The priest, therefore, that in the name of Hermes explained the Mysteries, must have been decked not only with the keys of Peter, but with the keys of "Peter-Roma." [...] But the book of "Peter-Roma" accounts for what otherwise is entirely inexplicable. [...]
When the Pope came, [...] into intimate connection with the Pagan priesthood; [...] [and they came] under his control, what more natural than to seek not only to reconcile Paganism and Christianity, but to make it appear that the Pagan "Peter-Roma," with his keys, meant "Peter of Rome," and that that "Peter of Rome" was the very apostle to whom the Lord Jesus Christ gave the "keys of the kingdom of heaven"?
[In other words: Once the pagan priesthood of Rome was happy with the idea of "Peter-Roma" (the "Grand Interpreter") being the Pope and once ignorant Christians were happy with the explanation the Pope gave them, Catholicism could have both "Christians" and practicing pagans under its umbrella.]
The Bible does not teach the Simon Peter is the first Pope. The Bible says in Matthew:
Hence, from the mere jingle of words, persons and things essentially different were confounded [or confused]; and Paganism and Christianity jumbled together, [...] [And,] to the blinded Christians of the apostacy, the Pope was the representative of Peter the apostle, while to the initiated pagans, he was only the representative of Peter, the interpreter of their well known Mysteries. Thus was the Pope the express counterpart of "Janus, the double-faced."
Matthew 16:15-1815 He saith unto them, But whom say ye that I am?16 And Simon Peter answered and said, Thou art the Christ, the Son of the living God.17 And Jesus answered and said unto him, Blessed art thou, Simon Barjona: for flesh and blood hath not revealed it unto thee, but my Father which is in heaven.18 And I say also unto thee, That thou art Peter, and upon this rock I will build my church; and the gates of hell shall not prevail against it.
Ephesians 2:19-20 (bold added)19 Now therefore ye are no more strangers and foreigners, but fellowcitizens with the saints, and of the household of God;20 And are built upon the foundation of the apostles and prophets, Jesus Christ himself being the chief corner stone;
[A stone head from ancient Bohemia depicts a druidic, Celtic tonsure (3rd century BC).]
God forbids the practice of making a tonsure.
Leviticus 21:5 says, "They shall not make baldness upon their head, neither shall they shave off the corner of their beard, nor make any cuttings in their flesh."
4. The Origin of the Tonsure
Haircut of the Catholic Monks and
Catholic monks are known to shave their heads in a circle at the top and on the sides, forming a style called a tonsure. This was not something invented by the Catholic religion. It started long before that.
Alexander Hislop writes (see The Two Babylons, pp. 175-176) (bold / underline / color added):
Now, as Rome set so much importance on this tonsure, let it be asked what was the meaning of it? It was the visible inauguration of those who submitted to it as the priests of Bacchus. This tonsure cannot have the slightest pretence to Christian authority. It was indeed the "tonsure of Peter," but not of the Peter of Galilee [of the Bible], but of the Chaldean "Peter" of the Mysteries. He was a tonsured priest, for so was the god whose Mysteries he revealed. Centuries before the Christian era, thus spoke Herodotus of the Babylonian tonsure: "The Arabians acknowledge no other gods than Bacchus and Urania [i.e., the Queen of Heaven], and they say that their hair was cut in the same manner as Bacchus' is cut; now, they cut it in a circular form, shaving it around the temples."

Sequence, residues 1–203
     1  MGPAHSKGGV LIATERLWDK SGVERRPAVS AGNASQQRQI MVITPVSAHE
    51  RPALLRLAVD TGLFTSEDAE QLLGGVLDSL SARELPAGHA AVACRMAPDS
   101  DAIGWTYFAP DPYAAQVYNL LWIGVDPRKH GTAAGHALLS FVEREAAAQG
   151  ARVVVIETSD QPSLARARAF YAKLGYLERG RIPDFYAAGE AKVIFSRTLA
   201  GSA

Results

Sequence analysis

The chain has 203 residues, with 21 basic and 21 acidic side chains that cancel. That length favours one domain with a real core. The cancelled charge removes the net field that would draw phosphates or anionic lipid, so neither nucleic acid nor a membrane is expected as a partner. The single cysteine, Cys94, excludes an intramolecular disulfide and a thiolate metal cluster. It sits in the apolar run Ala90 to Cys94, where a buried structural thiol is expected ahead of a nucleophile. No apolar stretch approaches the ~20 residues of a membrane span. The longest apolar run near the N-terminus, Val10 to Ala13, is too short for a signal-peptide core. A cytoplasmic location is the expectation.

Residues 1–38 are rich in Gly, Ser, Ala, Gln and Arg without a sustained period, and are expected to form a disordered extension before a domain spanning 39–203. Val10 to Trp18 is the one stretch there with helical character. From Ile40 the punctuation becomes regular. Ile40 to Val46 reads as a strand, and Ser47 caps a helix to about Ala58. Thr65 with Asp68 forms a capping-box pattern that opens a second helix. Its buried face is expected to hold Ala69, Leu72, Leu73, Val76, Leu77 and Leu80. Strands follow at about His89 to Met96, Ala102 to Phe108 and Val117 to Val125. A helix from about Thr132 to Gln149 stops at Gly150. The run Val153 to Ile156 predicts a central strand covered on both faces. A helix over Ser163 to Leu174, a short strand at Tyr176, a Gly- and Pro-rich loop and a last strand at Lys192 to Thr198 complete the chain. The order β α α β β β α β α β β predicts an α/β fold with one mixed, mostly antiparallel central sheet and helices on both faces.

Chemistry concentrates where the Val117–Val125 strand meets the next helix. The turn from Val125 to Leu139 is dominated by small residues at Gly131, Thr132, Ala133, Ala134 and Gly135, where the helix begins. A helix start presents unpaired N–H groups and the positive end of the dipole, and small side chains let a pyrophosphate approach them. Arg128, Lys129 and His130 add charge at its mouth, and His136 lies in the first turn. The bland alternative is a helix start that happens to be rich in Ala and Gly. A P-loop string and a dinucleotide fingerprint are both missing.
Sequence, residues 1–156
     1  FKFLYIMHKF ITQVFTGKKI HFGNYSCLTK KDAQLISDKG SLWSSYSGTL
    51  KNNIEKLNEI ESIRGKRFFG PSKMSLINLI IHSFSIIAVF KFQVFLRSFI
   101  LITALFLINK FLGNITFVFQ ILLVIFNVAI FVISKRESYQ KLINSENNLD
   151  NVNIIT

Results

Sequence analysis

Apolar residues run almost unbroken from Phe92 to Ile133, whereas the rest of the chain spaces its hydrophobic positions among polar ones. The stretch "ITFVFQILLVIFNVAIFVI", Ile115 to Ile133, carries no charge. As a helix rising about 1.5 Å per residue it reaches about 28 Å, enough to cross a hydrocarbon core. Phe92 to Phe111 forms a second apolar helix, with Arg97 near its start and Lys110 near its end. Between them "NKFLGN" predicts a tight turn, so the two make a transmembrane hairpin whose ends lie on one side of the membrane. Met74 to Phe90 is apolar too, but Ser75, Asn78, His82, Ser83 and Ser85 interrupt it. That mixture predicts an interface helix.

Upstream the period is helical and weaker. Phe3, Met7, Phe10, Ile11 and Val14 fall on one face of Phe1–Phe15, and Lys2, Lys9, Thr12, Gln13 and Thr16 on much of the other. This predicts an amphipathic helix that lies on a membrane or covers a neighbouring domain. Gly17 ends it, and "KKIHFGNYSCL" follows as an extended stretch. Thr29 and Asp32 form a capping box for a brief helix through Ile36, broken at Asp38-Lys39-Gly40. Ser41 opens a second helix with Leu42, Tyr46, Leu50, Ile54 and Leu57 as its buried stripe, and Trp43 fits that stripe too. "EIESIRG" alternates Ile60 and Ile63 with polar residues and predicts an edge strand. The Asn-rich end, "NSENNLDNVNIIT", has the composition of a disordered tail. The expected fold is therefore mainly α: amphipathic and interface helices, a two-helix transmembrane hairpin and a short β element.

[The Mutilated "Prince" of Mystery Religion]
What, then, could have led to this tonsure of Bacchus? Everything in his [Bacchus's] history was mystically or hieroglyphically represented, [...] [and] none but the initiated could understand. One of the things that occupied the most important place in the Mysteries was the mutilation to which he [Bacchus] was subjected when he was put to death.
In memory of that, he was lamented with bitter weeping every year, as "Rosh-Gheza," "the mutilated Prince." But "Rosh-Gheza" also signified the "clipped or shaved head." Therefore he was himself represented either with the one or the other form of tonsure; and his priests, for the same reason, at their ordination had their heads either clipped or shaven.
Over all the world, where the traces of the Chaldean system are found, this tonsure or shaving of the head is always found along with it. The priests of Osiris, the Egyptian Bacchus, were always distinguished by the shaving of their heads. In Pagan Rome, in India, and even in China, the distinguishing mark of the Babylonian priesthood was the shaven head.
[Gautama Buddha shaved his head]
Thus Gautama Buddha, who lived at least 540 years before Christ, when setting up the sect of Buddhism in India which spread to the remotest regions of the East, first shaved his own head, in obedience, as he pretended, to a Divine command, and then set to work to get others to imitate his example. One of the very titles by which he was called was that of the "Shaved-head." "The shaved-head," says one of the Purans, "that he might perform the orders of Vishnu, formed a number of disciples, and of shaved-heads like himself."
The high antiquity [of ancient times] of this tonsure may be seen [...] in the Mosaic law against it. The Jewish priests were expressly forbidden to make any baldness upon their heads (Lev 21:5), which sufficiently shows that, even so early as the time of Moses, the "shaved-head" had been already introduced. In the Church of Rome the heads of the ordinary priests are only clipped, the heads of the monks or regular clergy are shaven, but both alike, at their consecration, receive the circular tonsure, thereby identifying them, beyond all possibility of doubt, with Bacchus, "the mutilated Prince." *